2. Spacing your movements accordingly. This one is pretty fundamental. You can start with a downbeat, but if the time between your steps doesn’t match the time between the beats, then you’re dancing off time. The rhythm of the music needs to match the rhythm of your movements, and that means that your movements happen at the same pace as the music (whether it’s stepping or something else). I see lots of dancers who start with the rhythm then lose it somewhere in the middle of patterns, resetting at the start of the next pattern. You should maintain the rhythm of the music throughout your dance.

3. Dancing triples on downbeat-upbeat pairs. This may not be as obvious, but it’s still important for keeping proper timing. We break the music into two-beat increments: a downbeat followed by an upbeat (1-2, 3-4, 5-6, 7-8). A double is two steps in one of these pairs, a triple is three steps in one of these pairs. That means that a triple starts on a downbeat and ends on an upbeat (1&2, 3&4, 5&6, 7&8) – not the other way around (2&3, 4&5, 6&7, 8&1). I often see followers tripling off time, and it’s usually because the leader prepped the follower on a downbeat so the follower was forced to triple through a turn starting on the upbeat. This results in that awkward fumbling of the footwork after the turn. If you want to maintain timing, you should keep your triples properly placed with the music.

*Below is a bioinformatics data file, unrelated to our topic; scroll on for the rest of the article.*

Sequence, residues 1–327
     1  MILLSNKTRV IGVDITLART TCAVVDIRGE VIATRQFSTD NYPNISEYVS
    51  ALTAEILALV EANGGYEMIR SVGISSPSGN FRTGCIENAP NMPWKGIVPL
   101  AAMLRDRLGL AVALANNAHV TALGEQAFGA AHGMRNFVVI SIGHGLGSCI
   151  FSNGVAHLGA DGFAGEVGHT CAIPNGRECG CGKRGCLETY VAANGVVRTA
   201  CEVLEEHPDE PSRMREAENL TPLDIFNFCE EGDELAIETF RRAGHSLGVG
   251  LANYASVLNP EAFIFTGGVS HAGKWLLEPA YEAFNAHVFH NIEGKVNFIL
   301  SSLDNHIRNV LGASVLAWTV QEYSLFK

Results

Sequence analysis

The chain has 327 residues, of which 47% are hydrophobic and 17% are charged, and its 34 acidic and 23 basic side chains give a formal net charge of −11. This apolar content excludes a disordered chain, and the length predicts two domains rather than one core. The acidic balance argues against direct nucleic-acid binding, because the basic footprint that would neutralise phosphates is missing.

Timing isn’t just something we teachers and judges pick on for fun. It’s essential to being a proficient dancer, for your own movement, for connecting with a partner, and for expressing the music. So make sure you’re always on time (in dancing and in life!).

How do you think about timing? What challenges do you face with maintaining timing in your dance? How do you teachers approach timing with your students?


Where’s your head at?